Famous for her light verse, ("Men seldom make passes / At girls who wear glasses") and the acerbic book and theater reviews she contributed to Vanity Fair and The New Yorker, Parker

elevated the wisecrack to a minor art form. When a date told her he couldn't bear fools, she replied, "That's odd, your mother could." Another young man was deemed a "rhinestone in the rough." . . . .

In a male dominated literary world, Parker not only carved out a central position for women of wit (she is constantly cited as a role model for such latter-day humorists as Fran Lebowitz and Nora Ephron), she too the very subjects that male writers scorned as light. Just beneath the polished surface and Smart Set trappings of her best work lurks a deadly serious theme — exploitation, specifically of women by men.
Glennon, Lorraine, Ed. Ladies Home Journal© 100 Most Important Women of the 20th Century. Des Moines, Iowa: Ladies' Home Journal© Books. 1998. 74.


But during the 1920s, Maria was in her ascendancy. Americans and Europeans of the day would have immediately recognized the name Queen Marie of Roumania and know of her multiple virtues — charm, beauty, strength, generosity — and of her popularity as an author, of the adulation she enjoyed from her own people and of admirers on the Continent and in America, and of the political power she wielded at the Treaty of Versailles in 1919 to assure that her country's state boundaries remained in tact and even expanded after the war.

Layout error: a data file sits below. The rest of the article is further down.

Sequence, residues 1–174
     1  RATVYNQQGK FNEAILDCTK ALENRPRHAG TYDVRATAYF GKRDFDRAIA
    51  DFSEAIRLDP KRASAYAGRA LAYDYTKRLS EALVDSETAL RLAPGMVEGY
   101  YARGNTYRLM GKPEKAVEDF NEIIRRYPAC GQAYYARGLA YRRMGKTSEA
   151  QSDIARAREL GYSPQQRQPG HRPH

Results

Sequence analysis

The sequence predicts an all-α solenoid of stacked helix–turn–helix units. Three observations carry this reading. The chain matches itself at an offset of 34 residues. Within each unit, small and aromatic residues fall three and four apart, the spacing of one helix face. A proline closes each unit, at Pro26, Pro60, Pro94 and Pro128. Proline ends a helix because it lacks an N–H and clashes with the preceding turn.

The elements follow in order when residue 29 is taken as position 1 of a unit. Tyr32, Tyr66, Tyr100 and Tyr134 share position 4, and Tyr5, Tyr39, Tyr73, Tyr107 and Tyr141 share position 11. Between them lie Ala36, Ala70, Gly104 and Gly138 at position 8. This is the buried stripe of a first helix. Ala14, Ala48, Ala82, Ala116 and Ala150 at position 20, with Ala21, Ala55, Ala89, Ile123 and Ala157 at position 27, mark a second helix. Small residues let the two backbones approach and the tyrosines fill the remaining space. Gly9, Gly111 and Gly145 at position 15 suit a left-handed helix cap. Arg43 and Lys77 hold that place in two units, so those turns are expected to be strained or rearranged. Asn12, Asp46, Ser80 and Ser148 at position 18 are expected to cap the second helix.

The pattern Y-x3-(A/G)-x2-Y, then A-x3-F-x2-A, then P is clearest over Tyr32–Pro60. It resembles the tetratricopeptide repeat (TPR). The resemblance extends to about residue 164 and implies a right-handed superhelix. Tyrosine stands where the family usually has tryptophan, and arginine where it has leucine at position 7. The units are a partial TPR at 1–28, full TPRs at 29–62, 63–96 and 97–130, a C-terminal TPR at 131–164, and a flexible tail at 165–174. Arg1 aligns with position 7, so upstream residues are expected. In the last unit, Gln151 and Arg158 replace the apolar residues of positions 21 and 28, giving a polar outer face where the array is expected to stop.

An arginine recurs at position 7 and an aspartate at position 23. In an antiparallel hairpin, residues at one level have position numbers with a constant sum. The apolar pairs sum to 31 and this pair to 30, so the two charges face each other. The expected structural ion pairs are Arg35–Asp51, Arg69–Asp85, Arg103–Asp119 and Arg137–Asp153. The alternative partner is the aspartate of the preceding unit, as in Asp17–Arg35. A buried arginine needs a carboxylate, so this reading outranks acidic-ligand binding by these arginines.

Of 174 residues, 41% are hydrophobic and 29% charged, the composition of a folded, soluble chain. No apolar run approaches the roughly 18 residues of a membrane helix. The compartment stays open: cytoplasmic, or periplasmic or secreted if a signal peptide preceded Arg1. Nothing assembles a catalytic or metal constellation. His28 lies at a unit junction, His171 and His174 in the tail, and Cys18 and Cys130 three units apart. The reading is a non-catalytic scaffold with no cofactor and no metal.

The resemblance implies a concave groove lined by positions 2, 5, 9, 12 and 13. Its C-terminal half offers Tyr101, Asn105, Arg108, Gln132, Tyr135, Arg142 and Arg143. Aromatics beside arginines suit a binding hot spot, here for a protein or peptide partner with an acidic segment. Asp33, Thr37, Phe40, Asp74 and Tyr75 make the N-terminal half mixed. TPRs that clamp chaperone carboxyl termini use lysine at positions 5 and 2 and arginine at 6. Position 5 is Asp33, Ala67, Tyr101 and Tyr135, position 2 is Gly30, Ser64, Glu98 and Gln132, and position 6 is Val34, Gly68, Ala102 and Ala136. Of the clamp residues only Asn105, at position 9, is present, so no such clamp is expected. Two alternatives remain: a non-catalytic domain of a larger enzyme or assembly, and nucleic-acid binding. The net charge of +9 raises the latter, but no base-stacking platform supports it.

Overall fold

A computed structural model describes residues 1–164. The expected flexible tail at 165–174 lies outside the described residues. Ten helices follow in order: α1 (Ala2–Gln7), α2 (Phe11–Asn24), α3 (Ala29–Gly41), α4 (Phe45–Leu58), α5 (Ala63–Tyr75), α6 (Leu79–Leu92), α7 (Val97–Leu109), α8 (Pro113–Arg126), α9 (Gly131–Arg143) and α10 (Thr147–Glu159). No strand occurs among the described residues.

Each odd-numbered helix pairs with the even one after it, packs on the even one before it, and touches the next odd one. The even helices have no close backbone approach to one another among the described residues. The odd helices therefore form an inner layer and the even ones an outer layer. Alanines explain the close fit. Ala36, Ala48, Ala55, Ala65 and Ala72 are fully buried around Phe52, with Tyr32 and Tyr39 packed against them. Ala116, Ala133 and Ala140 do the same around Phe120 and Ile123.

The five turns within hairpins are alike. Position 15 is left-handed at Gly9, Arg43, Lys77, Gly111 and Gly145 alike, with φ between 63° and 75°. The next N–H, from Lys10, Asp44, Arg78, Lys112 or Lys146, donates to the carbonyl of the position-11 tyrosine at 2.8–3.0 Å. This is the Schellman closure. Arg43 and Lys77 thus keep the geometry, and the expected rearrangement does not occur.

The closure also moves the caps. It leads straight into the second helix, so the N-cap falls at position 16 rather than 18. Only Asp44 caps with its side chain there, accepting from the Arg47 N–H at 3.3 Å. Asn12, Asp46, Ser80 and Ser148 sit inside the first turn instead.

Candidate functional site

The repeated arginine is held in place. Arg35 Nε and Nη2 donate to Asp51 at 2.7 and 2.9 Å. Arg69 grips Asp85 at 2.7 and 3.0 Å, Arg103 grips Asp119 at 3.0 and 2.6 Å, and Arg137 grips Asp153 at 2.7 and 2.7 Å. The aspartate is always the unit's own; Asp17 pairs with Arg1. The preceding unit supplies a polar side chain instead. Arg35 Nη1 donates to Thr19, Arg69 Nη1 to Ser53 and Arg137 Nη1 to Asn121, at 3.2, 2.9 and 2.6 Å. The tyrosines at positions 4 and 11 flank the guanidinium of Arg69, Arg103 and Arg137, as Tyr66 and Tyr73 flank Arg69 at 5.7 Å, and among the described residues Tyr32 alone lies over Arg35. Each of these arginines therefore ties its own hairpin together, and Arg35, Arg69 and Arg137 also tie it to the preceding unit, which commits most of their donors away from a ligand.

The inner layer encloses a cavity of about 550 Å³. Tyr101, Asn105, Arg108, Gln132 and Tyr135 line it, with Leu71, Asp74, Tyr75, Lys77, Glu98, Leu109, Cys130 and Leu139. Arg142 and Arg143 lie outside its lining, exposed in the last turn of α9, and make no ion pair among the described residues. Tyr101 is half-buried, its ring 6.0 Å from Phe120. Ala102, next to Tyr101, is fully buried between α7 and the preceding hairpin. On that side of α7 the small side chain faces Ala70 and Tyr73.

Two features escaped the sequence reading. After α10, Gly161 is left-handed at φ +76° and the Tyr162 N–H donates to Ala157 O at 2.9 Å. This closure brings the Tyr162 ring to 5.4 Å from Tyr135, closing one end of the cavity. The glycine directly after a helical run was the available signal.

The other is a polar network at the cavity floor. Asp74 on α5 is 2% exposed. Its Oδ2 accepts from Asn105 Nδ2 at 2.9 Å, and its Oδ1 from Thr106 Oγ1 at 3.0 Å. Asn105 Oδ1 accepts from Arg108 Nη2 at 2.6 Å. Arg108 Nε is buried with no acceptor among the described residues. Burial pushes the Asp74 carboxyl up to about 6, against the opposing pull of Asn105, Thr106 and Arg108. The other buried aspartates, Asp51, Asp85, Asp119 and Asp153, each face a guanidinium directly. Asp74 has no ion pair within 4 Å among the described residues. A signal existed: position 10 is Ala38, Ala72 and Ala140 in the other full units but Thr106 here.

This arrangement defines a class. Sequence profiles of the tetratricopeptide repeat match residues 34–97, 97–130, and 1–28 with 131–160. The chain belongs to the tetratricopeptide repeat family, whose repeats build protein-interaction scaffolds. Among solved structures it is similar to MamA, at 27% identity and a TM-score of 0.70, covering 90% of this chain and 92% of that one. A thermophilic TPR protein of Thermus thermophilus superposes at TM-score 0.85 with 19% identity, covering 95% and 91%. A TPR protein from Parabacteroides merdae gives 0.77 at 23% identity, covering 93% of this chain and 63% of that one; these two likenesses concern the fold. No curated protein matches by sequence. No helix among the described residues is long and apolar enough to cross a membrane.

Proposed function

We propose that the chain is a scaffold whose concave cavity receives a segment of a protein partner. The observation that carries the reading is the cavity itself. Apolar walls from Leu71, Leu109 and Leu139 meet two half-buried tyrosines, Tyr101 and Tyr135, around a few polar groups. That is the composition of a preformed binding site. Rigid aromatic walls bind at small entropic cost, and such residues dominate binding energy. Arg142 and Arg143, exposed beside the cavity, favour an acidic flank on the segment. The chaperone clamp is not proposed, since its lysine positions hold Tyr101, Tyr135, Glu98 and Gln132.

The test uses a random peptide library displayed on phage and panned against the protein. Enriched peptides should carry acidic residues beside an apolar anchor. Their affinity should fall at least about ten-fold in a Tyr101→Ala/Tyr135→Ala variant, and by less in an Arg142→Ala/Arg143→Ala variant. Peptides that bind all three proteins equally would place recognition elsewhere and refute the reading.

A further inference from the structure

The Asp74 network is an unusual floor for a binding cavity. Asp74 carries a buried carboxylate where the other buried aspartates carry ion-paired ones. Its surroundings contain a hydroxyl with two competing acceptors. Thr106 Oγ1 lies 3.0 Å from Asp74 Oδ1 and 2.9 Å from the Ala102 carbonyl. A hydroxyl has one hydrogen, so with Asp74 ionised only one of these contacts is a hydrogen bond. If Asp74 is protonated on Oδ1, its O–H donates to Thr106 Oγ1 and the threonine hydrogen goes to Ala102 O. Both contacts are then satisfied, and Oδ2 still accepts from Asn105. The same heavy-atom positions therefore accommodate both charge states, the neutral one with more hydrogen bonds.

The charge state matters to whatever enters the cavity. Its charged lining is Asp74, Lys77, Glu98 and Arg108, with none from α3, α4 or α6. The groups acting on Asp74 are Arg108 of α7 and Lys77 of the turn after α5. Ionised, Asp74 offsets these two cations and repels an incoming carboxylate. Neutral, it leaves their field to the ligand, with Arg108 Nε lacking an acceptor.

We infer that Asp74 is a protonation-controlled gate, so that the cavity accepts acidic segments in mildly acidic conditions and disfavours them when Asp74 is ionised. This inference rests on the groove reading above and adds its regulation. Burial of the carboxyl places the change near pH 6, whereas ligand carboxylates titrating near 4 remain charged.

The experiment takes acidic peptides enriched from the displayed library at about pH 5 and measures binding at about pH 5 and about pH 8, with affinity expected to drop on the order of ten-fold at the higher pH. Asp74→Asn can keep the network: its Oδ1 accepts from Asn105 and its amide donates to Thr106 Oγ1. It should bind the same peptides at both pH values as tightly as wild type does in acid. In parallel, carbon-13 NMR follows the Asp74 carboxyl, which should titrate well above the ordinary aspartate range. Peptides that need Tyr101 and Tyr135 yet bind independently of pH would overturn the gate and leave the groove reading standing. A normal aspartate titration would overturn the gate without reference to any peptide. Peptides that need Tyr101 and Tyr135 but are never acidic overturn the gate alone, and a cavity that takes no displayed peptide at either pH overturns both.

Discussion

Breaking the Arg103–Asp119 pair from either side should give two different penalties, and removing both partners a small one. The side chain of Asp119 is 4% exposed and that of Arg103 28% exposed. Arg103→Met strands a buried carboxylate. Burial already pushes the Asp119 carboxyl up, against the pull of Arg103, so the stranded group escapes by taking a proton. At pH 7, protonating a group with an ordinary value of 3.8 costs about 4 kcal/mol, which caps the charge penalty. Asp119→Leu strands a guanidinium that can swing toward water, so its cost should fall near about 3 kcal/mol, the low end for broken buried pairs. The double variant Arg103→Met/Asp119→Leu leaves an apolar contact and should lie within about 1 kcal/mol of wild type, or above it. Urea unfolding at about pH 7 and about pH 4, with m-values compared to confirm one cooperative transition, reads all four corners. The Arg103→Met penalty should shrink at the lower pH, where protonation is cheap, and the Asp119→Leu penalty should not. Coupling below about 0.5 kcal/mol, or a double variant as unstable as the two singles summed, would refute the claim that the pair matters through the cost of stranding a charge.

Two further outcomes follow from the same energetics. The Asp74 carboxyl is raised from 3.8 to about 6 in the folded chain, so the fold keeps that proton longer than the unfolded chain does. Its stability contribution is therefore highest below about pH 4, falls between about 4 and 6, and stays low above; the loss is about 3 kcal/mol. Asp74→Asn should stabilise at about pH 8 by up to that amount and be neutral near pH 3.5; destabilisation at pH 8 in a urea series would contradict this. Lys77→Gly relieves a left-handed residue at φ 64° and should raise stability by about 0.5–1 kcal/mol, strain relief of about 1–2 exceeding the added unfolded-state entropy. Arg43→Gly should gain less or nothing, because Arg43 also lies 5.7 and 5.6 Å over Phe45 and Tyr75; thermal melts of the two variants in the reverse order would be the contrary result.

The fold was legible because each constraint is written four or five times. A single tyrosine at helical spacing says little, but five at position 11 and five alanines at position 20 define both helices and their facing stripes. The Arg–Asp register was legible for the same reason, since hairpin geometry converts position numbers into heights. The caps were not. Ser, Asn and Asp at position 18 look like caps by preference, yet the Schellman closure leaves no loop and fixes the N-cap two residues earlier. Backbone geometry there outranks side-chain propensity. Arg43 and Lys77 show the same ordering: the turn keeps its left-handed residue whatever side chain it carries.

Via the magazines, newspapers, radio of the 1920s, Marie of Roumania became a media icon of her day, appearing twice on the cover of Time Magazine, most memorably during her 1926 visit to the United States.

To see a remarkable video on Youtube of black and white footage of Marie's visit to the U.S., click: here.

I could find no original footage of Dorothy Parker on line, but she's a hot topic on the web. A good place to start learning more about her is The Dorothy Parker Society at

For this writer — and, he hopes, for the reader — it has been a most engaging adventure following the word extemporanea into the lives of two legendary women of the 20th century, Dorothy Parker, "the wittiest and most urbane of . . . acid-tongued jazz-age wits," and "The Last Romantic," Marie of Roumania.



  1. Look where "extemporanea" took you and us readers: to Queen Maria and Dorothy Parker!What a great surprise, indeed. These are both fascinating, strong, and influential women! I love this posting, John.

  2. Very well thought out, entertaining and informative, not to mention useful thnx :)